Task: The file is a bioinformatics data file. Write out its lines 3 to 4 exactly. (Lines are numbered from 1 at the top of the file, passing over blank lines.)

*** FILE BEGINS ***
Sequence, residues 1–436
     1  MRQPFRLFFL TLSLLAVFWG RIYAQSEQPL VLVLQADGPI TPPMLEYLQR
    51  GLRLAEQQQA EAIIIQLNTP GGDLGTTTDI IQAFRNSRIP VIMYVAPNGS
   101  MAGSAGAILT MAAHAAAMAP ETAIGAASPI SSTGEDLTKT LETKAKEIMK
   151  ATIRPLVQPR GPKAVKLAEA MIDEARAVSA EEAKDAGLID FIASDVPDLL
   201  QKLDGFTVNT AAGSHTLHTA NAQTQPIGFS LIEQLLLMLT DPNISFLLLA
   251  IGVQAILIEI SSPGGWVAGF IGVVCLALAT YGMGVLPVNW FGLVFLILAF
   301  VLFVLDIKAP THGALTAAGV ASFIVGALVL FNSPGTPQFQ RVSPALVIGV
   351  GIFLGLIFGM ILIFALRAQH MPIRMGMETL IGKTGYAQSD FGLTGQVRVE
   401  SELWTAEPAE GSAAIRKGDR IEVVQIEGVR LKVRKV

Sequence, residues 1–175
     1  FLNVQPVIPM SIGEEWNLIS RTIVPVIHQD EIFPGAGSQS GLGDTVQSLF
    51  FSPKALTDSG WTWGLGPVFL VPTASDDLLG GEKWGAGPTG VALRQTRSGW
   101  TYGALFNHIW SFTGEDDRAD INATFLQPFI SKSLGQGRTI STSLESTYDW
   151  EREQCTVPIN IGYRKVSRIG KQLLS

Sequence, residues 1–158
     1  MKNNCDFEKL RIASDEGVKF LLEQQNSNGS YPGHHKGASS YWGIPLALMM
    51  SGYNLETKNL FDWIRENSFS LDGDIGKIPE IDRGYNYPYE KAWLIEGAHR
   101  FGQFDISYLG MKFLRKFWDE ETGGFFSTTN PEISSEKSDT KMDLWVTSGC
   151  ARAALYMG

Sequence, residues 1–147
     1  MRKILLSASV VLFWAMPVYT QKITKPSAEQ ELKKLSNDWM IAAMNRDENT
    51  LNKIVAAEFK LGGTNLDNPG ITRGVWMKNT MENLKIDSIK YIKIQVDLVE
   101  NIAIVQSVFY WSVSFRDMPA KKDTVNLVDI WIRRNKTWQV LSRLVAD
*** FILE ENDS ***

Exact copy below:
    51  GLRLAEQQQA EAIIIQLNTP GGDLGTTTDI IQAFRNSRIP VIMYVAPNGS
   101  MAGSAGAILT MAAHAAAMAP ETAIGAASPI SSTGEDLTKT LETKAKEIMK